Aldo Leopold argues in a 1942 article in Audubon Magazine entitled "Land-Use and Democracy” that direct citizen action is required if the nation’s conservation goals are to be achieved. This lecture summarizes Leopold’s reflections on possible forms of effective citizen action, including consumer campaigns holding companies accountable for environmental harm and greater embrace of good land stewardship practices by land-users. We will consider how and where these and other forms of direct democratic action have taken root in our time. REGISTRATION LINK: https://forms.gle/m5v3x8unj1U1NY476


photo of Laurence Kalkstein

Thursday, October 22
Laurence Kalkstein
Professor Emeritus, President, Applied Climatologists, Inc. Co-Founder, Los Angeles Urban Cooling Collaborative (LAUCC)

Delaying Climate Change: The Impact of Cool Technologies Upon Heat Wave Meteorology
Over the past several years, we have been conducting research on understanding how the implementation of reflective roof products, more reflective urban surfaces, and additional tree canopy could potentially cool cities during excessive heat events. Since heat is the leading weather-related killer in major U.S. cities, part of the evaluation involves an estimation of how many lives could be saved during deadly heat events. Much of this work has been funded by the 3M Corporation, which manufactures products that add to roof and surface reflectivity, and also by the U.S. Forest Service, which is most concerned about the cooling impacts of planting additional trees in urban areas. The latter research has led to the development of the Los Angeles Urban Cooling Collaborative (LAUCC), which is a unique partnership among universities, private enterprise, non-profit environmental organizations, and government agencies. We have modeled a number of heat events in several cities with different climates to determine the differential impact of these "cool urban solutions”. In addition, we have subdivided Los Angeles into socially homogeneous regions to see if vulnerability to heat impacts varies among neighborhoods as much as expected, and to see if the cooling technologies are more effective in the most vulnerable regions. If the intensity of heat events can be reduced using today’s technologies, there is great potential to significantly delay the impacts of climate change for possibly decades. This research represents the first attempts to quantify the meteorological and health impacts of cool cities technologies, and the results can be transmitted to urban decision-makers who can then develop policies to improve cities’ responses to excessive heat events and their negative health outcomes. RSVP link: https://forms.gle/MttSnWYLzx7Z1Z5r7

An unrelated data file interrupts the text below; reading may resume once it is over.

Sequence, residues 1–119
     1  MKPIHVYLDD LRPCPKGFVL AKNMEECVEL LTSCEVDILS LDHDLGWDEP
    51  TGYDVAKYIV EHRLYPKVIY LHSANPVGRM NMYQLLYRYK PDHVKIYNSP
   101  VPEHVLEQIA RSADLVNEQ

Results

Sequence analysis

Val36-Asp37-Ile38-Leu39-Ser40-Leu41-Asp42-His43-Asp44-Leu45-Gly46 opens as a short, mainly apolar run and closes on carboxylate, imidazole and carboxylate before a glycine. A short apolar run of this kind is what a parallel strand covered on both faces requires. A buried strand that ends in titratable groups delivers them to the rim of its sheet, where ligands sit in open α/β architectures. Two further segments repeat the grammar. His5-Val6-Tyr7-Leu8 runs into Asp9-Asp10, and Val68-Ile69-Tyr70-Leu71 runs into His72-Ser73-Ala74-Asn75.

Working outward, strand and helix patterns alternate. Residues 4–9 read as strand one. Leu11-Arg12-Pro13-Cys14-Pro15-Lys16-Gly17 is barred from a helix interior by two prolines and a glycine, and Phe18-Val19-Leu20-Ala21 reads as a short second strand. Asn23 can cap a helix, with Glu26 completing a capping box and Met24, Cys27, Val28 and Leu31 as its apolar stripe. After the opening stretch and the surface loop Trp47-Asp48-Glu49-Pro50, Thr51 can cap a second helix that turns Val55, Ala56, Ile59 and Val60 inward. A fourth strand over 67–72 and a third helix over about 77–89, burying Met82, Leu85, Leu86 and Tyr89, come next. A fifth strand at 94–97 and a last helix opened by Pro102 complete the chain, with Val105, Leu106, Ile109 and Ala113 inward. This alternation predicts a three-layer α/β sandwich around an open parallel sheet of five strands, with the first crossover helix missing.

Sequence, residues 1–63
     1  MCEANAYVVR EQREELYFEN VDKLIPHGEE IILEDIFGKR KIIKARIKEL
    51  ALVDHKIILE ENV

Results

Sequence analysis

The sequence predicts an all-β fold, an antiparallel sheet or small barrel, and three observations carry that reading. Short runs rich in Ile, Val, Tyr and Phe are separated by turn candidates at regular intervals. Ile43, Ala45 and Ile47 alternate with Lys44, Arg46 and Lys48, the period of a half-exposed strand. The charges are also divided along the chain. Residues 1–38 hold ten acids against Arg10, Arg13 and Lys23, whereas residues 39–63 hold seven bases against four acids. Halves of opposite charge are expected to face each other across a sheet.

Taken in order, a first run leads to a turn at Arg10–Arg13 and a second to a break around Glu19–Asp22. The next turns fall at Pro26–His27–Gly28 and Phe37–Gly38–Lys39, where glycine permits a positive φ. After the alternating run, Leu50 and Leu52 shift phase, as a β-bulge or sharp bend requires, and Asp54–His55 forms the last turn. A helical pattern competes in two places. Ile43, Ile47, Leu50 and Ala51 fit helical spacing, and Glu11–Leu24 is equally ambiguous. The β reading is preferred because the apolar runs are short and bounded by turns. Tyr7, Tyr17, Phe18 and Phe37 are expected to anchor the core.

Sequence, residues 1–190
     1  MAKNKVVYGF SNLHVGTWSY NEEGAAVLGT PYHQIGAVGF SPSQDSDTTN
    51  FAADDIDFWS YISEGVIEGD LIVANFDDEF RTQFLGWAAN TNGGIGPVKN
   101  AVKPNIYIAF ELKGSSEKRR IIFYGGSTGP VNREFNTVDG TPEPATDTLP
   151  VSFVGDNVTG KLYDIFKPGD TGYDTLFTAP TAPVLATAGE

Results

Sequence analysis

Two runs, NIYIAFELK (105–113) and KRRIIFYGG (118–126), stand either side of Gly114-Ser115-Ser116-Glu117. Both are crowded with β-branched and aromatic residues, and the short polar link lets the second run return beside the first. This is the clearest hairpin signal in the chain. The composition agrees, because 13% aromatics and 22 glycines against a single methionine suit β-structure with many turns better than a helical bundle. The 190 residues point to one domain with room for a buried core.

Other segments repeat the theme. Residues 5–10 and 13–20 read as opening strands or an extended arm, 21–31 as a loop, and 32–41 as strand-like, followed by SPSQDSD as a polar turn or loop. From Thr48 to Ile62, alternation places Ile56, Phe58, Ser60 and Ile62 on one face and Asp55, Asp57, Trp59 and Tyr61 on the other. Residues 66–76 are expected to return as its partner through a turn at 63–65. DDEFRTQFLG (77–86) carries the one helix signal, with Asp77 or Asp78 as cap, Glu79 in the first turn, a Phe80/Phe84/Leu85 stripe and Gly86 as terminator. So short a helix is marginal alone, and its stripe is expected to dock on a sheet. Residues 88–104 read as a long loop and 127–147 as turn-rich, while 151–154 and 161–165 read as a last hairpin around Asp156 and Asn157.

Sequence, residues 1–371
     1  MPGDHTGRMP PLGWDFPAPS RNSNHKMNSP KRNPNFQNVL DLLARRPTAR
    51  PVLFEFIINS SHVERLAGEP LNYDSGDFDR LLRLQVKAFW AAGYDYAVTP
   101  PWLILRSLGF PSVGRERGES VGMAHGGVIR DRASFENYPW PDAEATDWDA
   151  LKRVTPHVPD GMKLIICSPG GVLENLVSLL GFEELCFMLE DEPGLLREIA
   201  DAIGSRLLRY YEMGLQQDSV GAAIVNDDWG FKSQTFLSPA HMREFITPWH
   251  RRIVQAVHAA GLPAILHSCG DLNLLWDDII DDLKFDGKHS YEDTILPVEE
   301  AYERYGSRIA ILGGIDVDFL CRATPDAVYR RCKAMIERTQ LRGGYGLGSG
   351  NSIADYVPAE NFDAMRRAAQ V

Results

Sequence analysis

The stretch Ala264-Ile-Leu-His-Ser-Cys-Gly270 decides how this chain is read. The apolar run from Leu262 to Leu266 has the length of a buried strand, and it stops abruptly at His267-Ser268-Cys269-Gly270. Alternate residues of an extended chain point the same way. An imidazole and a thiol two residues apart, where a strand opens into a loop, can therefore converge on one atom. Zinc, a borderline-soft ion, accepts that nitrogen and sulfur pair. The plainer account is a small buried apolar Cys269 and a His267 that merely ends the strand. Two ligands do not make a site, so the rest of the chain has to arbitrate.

photo of Maria Tysiachniouk

Thursday, October 29
Maria Tysiachniouk
Visiting Fellow, UW-Madison Nelson Institute for Environmental Studies; Chair, Environmental Sociology group, Center for Independent Social Research, Russia